A couple of days ago former Trade Minister Greg Hands penned a piece for the Times on “why a customs union is the wrong choice for MPs”. The article was an interesting, eyebrow-raising read. It painted a picture of 2021 and the difficulties a fictional Stoke-on-Trent MP would have supporting our local ceramic industry if the UK’s trade policy was bound up in a customs union with the EU.
Designed to convince Parliament to ditch any support for a lasting customs union, the yarn spun by Greg was work of fantasy to rival anything JRR Tolkien or George RR Martin could manage.
For a start, the Chelsea and Fulham MP suggested that the EU wouldn’t bother to take trade remedy action against Chinese dumped ceramics. This is laughable, as it was the UK Government that resisted the implementation of anti-dumping duties for ceramic tiles in 2011 and abstained when the EU took action on tableware in 2013. Within just the last couple of weeks, the EU has initiated an investigation to take strong action against Chinese tableware companies who circumvent duties. In contrast, when Greg was Trade Minister he proposed the formation of a new UK remedies system which would have been far less supportive of manufacturers than the EU equivalent.
Greg suggests that the EU’s focus would be on Dutch and German steel producers rather than our small ceramics firms. Again, the irony is that in recent years it was the UK Government’s proposals to reshape the EU Emissions Trading Scheme and renewables compensation that helped out steel at the expense of other sectors, such as ceramics. Brussels has tended to take a more holistic approach to industry than Westminster.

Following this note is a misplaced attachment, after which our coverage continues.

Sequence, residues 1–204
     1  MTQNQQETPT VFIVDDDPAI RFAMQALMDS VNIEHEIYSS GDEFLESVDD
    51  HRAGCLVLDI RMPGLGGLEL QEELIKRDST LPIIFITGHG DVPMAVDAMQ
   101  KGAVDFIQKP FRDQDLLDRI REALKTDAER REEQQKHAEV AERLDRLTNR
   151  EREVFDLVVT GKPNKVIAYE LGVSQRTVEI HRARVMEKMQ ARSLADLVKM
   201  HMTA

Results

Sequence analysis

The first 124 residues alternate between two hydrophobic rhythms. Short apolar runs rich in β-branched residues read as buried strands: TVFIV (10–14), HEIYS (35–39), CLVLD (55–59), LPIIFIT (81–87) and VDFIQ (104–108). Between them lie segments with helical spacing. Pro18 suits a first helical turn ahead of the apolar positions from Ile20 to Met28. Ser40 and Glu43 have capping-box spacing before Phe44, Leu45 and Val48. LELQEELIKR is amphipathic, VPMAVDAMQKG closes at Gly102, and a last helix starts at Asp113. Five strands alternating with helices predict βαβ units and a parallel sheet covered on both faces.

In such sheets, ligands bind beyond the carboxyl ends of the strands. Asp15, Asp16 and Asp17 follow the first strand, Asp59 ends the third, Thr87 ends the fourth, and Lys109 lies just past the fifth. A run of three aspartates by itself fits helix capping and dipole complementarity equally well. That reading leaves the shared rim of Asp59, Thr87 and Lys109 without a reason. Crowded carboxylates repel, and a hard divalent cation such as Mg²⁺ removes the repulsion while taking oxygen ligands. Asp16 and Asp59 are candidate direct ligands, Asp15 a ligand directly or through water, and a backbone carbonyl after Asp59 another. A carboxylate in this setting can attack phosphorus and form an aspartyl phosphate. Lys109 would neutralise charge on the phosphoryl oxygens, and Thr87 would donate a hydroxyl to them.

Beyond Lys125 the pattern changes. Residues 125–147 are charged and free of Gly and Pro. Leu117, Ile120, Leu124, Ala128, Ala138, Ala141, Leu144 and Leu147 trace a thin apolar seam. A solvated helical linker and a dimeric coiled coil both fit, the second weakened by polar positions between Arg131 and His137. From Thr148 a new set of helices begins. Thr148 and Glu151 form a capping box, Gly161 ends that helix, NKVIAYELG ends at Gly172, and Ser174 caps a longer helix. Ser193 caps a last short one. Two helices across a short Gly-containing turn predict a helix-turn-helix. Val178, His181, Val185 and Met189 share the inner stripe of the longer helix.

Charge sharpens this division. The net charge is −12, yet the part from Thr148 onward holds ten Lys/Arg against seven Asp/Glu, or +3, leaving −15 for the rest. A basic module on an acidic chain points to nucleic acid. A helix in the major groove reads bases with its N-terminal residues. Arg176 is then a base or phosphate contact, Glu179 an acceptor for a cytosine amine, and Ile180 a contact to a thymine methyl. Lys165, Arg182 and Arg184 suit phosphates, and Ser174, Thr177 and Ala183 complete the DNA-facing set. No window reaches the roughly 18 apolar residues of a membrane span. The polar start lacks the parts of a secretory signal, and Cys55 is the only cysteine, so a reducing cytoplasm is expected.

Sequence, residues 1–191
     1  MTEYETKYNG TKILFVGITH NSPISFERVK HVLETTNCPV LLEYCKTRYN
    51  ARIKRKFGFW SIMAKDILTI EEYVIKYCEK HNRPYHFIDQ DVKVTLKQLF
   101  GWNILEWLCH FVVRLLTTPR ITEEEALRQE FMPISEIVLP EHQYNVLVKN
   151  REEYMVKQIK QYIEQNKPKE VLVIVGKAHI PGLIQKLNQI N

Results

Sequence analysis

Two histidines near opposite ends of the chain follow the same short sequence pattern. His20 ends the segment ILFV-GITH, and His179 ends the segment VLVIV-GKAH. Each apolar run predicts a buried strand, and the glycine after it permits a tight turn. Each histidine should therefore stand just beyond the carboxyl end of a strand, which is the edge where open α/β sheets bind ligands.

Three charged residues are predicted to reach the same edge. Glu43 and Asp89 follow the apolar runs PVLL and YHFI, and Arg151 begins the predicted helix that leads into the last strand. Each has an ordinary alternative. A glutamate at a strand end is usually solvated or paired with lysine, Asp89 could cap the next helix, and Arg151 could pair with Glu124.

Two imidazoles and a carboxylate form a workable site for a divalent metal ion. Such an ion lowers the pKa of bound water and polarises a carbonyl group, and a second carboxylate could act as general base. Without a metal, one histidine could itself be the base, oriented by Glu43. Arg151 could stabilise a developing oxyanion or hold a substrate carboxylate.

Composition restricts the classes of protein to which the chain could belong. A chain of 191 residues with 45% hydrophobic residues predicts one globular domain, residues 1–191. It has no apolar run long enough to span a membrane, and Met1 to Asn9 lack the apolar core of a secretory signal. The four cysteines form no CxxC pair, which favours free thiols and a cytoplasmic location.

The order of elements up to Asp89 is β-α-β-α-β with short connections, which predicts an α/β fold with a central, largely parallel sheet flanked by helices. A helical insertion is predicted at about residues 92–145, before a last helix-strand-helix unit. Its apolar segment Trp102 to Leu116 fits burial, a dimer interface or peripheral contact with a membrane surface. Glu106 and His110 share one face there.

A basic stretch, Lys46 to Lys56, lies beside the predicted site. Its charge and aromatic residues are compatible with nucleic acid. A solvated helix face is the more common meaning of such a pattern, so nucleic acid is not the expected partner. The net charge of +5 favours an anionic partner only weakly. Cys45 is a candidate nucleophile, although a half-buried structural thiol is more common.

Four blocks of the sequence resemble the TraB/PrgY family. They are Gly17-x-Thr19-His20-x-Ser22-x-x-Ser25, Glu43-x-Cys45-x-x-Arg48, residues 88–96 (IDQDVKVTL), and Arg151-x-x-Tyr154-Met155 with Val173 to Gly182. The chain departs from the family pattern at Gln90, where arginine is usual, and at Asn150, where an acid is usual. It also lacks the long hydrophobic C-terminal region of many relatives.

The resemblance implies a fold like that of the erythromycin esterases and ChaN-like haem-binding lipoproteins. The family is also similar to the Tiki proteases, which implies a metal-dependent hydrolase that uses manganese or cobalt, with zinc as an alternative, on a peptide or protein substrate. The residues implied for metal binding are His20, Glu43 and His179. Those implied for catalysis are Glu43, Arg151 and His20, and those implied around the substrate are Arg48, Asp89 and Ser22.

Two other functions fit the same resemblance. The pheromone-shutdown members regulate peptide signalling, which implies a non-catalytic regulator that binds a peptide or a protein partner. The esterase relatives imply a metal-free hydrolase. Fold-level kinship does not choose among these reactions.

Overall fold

The article goes on to scaremonger about the potential re-invigoration of an EU-US trade deal and implications for NHS procurement. This is an astonishing criticism of a customs union – the UK Government was one of the strongest advocates for TTIP, while the European Parliament and civil society voiced concerns. Liam Fox has already consulted on a potential UK-USA deal which would be subject to the same sort of concessions as TTIP.
Our confederation’s board has discussed Brexit extensively in the last four years. We supported the Prime Minister’s deal because it was the only thing on the table in November. However, if a Parliamentary consensus were able to coalesce around a permanent customs arrangement this is something our board would strongly support, and for that matter a framework that doesn’t fall behind the EU in workers’ rights or protections for the environment. So, Greg’s use of our industry to try and nudge the Commons away from a Customs Union option is disingenuous to say the least. It’s this sort of proliferation of guff that is fuelling the current political crisis and driving the UK economy off a cliff edge.
Today we’re hosting a Sector Summit where our industry is coming together to consider the nuances of Brexit. Our country would be in a much stronger position if those in the Commons dropped their binary positions and appreciated the nuances too. Our sector, and many others need a deal and we need it soon.
We need MPs of all parties to put aside their narrow ideological and party differences. They need to work together at this time of national crisis for the good of the country to find a consensus. This requires give and take by everyone. Jobs, businesses and investment are at stake.